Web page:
Hard Evidence: Belgian money stands in the way of the climate transition

17 November 2023

This article is by FairFin of the Belgian Fair Finance Guide

Suppose we use up all the oil, gas and coal we currently have at our disposal, we would already be emitting far too much CO2 to meet the Paris climate goals. Yet there are still companies that are building new infrastructure to extract and transport extra fossil raw materials, and that is done with our money.

Nearly 11 billion euros.

That's how much the recent support from financial institutions in Belgium to those expanding their fossil fuel infrastructure amounts to. In FairFin's new research, we take a closer look at this flow of money and uncover which banks invest in which fossil fuel companies.


Why is new fossil infrastructure so dangerous? What is the role of the 'Top 15 fossil expanders'? Which Belgian financial institutions finance them, and for what amount? That's what we're exposing in our new research. You will find a detailed analysis of which companies are supported by which financial institutions. The main investors we discuss are BNP Paribas, ING, Delen Private Bank, KBC and Degroof Petercam. Candriam Belgium, which has a close collaboration with Belfius, is also featured.

The danger of new fossil infrastructure

The climate crisis is not a theoretical fact: worldwide we are increasingly dealing with forest fires, floods and extreme weather events. To curb climate change, we need to change course and drastically reduce our CO2 emissions.

That is why, as early as 2021, the International Energy Agency (IEA) recommended that no new fossil source should be approved. The UN Panel on Climate Change (IPCC) came to a similar conclusion in 2022.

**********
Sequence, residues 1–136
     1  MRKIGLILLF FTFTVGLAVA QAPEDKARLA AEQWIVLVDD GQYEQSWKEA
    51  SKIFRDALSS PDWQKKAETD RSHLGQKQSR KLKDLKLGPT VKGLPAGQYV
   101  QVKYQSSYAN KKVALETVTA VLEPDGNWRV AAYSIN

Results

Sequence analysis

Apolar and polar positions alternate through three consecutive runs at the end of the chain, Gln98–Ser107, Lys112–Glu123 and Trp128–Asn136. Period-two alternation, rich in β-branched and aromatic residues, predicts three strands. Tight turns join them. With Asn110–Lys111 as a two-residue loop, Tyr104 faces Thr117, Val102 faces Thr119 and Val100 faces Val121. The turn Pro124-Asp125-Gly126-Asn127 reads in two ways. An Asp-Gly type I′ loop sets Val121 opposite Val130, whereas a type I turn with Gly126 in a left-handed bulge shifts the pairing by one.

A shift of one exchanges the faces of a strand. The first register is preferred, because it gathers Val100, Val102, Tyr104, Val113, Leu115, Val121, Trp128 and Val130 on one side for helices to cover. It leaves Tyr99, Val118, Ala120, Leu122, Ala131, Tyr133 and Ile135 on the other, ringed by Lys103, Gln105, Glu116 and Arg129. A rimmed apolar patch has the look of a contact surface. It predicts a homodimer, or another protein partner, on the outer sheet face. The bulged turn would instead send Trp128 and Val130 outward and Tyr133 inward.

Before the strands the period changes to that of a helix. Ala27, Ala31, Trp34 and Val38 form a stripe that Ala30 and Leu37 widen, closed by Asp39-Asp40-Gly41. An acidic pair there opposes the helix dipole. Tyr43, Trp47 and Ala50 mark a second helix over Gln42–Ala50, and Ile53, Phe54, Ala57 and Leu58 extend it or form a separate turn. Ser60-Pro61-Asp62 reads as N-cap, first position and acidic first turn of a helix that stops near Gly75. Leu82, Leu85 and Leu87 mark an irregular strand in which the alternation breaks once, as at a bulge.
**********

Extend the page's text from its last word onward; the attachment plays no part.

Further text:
Yet there are still companies that are doing exactly the same thing: building new infrastructure to extract extra fossil raw materials, so that we will be stuck with polluting energy for decades to come. Almost half of all new fossil infrastructure worldwide is built by just 15 companies. With their focus on fossil expansion, their business model and strategy are completely at odds with achieving a green and just transition.

As if this wasn't bad enough, this fossil expansion also poses a big risk to the economy Because if we protect the climate and close the fossil infrastructure earlier than the companies had anticipated, those companies will make large losses. These losses are also borne by the banks and investors involved, threatening a new financial crisis.

The commitment of the companies examined in this research to the climate transition cannot be trusted. They have known for decades that climate change is a problem and that they play a major role in it. Yet, they use their gigantic profits to justify the expansion of the fossil infrastructure and shareholder payments. They try to justify this with a haze of greenwashing and false solutions, but every now and then they scrap their climate plans. These are not reliable partners that you can talk to to push them in the right direction. It's far too late for that. Under pressure from the market, they have shown where their priorities lie: with their profits and their shareholders, not with the climate.

Belgian support

Despite all this, our research shows that financial players active in Belgium have continued to support these 15 largest fossil fuel expanders. From the beginning of 2021 until July 2023, almost 11 billion euro has been transferred in various forms of financial support. Despite their so-called climate ambitions, despite all the evidence that these 15 companies are a danger to the planet and humanity, banks and investors active in Belgium continue to support the world's largest fossil fuel expanders. This means that they too prefer profit over a just climate transition, while their decisions have major social consequences.

Overview of financial institutions

That is why we need legislation. Fossil fuel companies and banks will not take action on their own or will take action far too slowly. In the memorandum that FairFin drew up for the 2024 elections, we proposed a series of measures that we believe politicians should include in their party program. One of those demands is legislation at the European level that prohibits investments in fossil expansion. This study proves once again how urgent the need is for such legislation. Because every euro that flows into the construction of new fossil infrastructure is a step further away from a just climate transition.

To advocate for this, FairFin took action on 17 November at the Cabinet of Finance in Brussels. Because 11 billion euros for fossil expansion? That has to change. Do you agree with this? Send a letter of complaint to the party leaders and help put pressure on a financial system that really works for people and the planet.